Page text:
Experts believe one of the reasons for the continued poor status of nursing services in the country to be the lack of nursing professionals in decision-making and policy-level positions – at both the state and national levels. In several states, senior nursing posts are either vacant or are occupied by medical professionals. A directorate of nursing does not exist in most states or at the national level. And in the absence of the post of a director of nursing, the ultimate decision-making power rests with senior state health administrators and medical directors from non-nursing backgrounds.
At the national level as well, the senior-most post is that of a nursing advisor – which does not have any significant decision-making power. The Bill does not provide any direction for this lacuna to be addressed.
The nurse-patient ratio and nurse-staffing norms have not been updated since the Staff Inspection Unit (1991-1992). These need to be revised according to the changing disease burden and the nature of healthcare services. Service conditions of nurses – such as long working hours, exploitative terms and conditions of employment, inadequate pay and benefits, delegation of non-nursing duties and lack of opportunities for professional growth – are some other service issues that have evaded regulation. The new Bill too seems to maintain this status quo.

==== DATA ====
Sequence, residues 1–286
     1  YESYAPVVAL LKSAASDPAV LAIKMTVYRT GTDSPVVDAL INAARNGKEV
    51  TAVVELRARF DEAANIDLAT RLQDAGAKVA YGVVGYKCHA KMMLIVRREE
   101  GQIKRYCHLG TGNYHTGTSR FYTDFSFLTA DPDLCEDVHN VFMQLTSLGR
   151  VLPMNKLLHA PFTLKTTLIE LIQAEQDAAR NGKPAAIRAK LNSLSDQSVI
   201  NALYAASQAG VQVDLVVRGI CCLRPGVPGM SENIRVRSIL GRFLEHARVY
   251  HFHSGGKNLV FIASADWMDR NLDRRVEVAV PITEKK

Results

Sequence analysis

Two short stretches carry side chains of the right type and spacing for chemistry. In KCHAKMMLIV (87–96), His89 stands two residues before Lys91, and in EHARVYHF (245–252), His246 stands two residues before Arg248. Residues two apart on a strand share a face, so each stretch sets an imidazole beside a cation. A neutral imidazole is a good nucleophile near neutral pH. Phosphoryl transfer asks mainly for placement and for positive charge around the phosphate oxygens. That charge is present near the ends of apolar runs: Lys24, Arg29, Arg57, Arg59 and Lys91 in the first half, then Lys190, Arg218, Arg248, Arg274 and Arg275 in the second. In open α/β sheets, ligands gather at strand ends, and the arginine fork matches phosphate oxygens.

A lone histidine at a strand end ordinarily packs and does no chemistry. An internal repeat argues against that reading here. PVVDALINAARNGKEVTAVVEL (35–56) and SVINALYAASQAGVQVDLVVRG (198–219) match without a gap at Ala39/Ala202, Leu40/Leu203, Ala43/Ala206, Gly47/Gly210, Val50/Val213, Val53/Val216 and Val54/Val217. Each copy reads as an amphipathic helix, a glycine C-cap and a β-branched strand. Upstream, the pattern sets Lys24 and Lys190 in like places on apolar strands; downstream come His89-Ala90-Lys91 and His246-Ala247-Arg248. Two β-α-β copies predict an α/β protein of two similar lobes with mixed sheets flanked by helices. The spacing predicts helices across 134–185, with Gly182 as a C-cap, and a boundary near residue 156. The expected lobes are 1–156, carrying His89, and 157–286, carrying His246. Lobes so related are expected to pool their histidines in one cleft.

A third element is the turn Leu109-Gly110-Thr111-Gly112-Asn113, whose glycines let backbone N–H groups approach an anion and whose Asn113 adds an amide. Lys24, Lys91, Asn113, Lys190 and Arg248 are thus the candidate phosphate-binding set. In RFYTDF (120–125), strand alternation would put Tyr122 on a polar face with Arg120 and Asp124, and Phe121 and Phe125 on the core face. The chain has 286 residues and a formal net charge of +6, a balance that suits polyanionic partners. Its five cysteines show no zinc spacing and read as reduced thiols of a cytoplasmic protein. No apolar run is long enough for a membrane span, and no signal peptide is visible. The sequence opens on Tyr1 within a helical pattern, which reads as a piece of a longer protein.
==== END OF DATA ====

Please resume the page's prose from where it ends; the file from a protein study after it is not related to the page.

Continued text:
6. Restrictive nature of grievance redressal system
The Bill provides for a hierarchical grievance redressal system with a provision for escalating grievances to the next higher–level regulatory body. The highest authority is the central government. However, section 49 of the Bill prohibits anyone except an officer authorised by the national commission, the ethics and registration board or a state commission from appealing in a court of law against an offence punishable under the Act. Such a provision severely hampers the right of ordinary citizens, including the nurses to take recourse to legal action in case of any violation. It also shields regulatory bodies from being answerable to the people whose best interest should be their aim.
The measures that the Bill proposes to improve the quality of nursing and bringing in more professionalism are commendable. At the same time, without envisaging how nursing and midwifery could be developed into a full-fledged profession in its own right, the Bill is at best a half-hearted attempt at transforming the sector.
Pallavi Gupta is a specialist, Health Systems Governance at the Health Systems Transformation Platform, New Delhi. The views expressed here are the author’s own.